This all came about because my OH couldn’t find the black luggage label. The label is one of two we purchased in a little shop in Jasper, three years ago; it is made of black leather, with a cut out of the first letter of our surname in a contrasting pink leather – sounds a bit OTT, but trust me, it looks very smart when attached to one end of a piece of luggage. And different. I have never seen any more like them anywhere. I found the other one, the pink one with the black letter, but there was no way he was going to take that one with him on his trip!
I thought perhaps it had got inside one of the other bags and said as much, which was a mistake and resulted in an attic search on Saturday. Our attic, like most I guess, is the respository for things that don’t quite fit anywhere else, or you can’t quite bring yourself to throw out. Like luggage which takes up far too much room to be stored anywhere else; an old artificial Christmas tree, which gets a revamp every year and placed in the porch and all the decorations that adorn the “real” tree when it comes, various tins, boxes, bags, records, my old hockey stick, a pair of crutches (??) the list goes on.
So, rather begrudgingly, I took myself off to the attic, armed with a couple of bags for sorting the rubbish and my phone in case there was an emergency and I was needed (please) and the thought I would catch up with my twitter friends if I got bored! That worked out well, until I realised I was spending a little too much time tweeting and not enough time sorting!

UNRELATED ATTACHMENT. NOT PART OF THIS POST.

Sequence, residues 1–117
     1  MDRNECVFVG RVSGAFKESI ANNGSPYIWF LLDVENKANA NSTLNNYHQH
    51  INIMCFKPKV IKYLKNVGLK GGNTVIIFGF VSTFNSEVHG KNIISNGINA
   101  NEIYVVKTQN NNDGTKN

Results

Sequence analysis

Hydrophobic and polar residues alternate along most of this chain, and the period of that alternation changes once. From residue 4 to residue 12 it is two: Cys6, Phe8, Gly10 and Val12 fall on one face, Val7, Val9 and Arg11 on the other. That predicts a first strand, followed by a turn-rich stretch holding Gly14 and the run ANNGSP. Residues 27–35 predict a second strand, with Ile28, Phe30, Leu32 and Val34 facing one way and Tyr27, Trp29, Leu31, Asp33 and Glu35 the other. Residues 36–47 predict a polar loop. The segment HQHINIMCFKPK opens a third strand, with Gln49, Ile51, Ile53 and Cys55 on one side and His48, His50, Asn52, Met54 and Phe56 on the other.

I checked the luggage and found the black tag, yes! That is when I should have stopped and gone downstairs triumphantly with the find, but I didn’t because underneath the oldest of the bags, was a pile of photographs. And so I started going through them. Big mistake, huge.
You remember those pre-digital days, when we took snaps on rolls of film we bought at the chemist or supermarket, wound carefully onto the spool in the camera, away from bright light in case we damaged it? Then when we had finished the roll, it rewound, if you had the latest camera; or you had to rewind by hand, turning for ever until the film was wound back into its’ case. Then you took it out and handed it in to be developed. You waited with bated breath, hoping that the photograph you had taken of your grandmother’s 80th birthday party, with all those relatives you had never met before, turn out OK as they all want a copy as a keepsake. Well, there were envelopes full of photos like that!
Photos of my children on their first bikes, at the beach, on a slide, running in the egg and spoon race; a birthday party with a cake in the shape of a fire engine all red icing with white ladders on the top; school outings and new uniform days, the first day of “big school” all wide-eyed and anxious; scrubbed within an inch of their lives, ready for whatever was coming their way.
There were photos taken at friends weddings – why did I ever think I would look good in an outift like that? It is the clothes that date the photographs more so than the people, who somehow manage to stay more or less looking like they always have. Then the babies started to come along and there are piles of photos of them. Then, from somewhere at the bottom of the pile I found photos of my parents. They have both gone now, but looking at them, laughing into the camera lens, on holiday in Ibiza, the Yorkshire Dales or the Scottish highlands brought tears to my eyes and I remember them more clearly seeing the photographs, than I ever do just thinking about them.
I spent a long time in the attic. My knees were sore and I only had a small pile of rubbish to show for my morning’s work, but there were lots of happy memories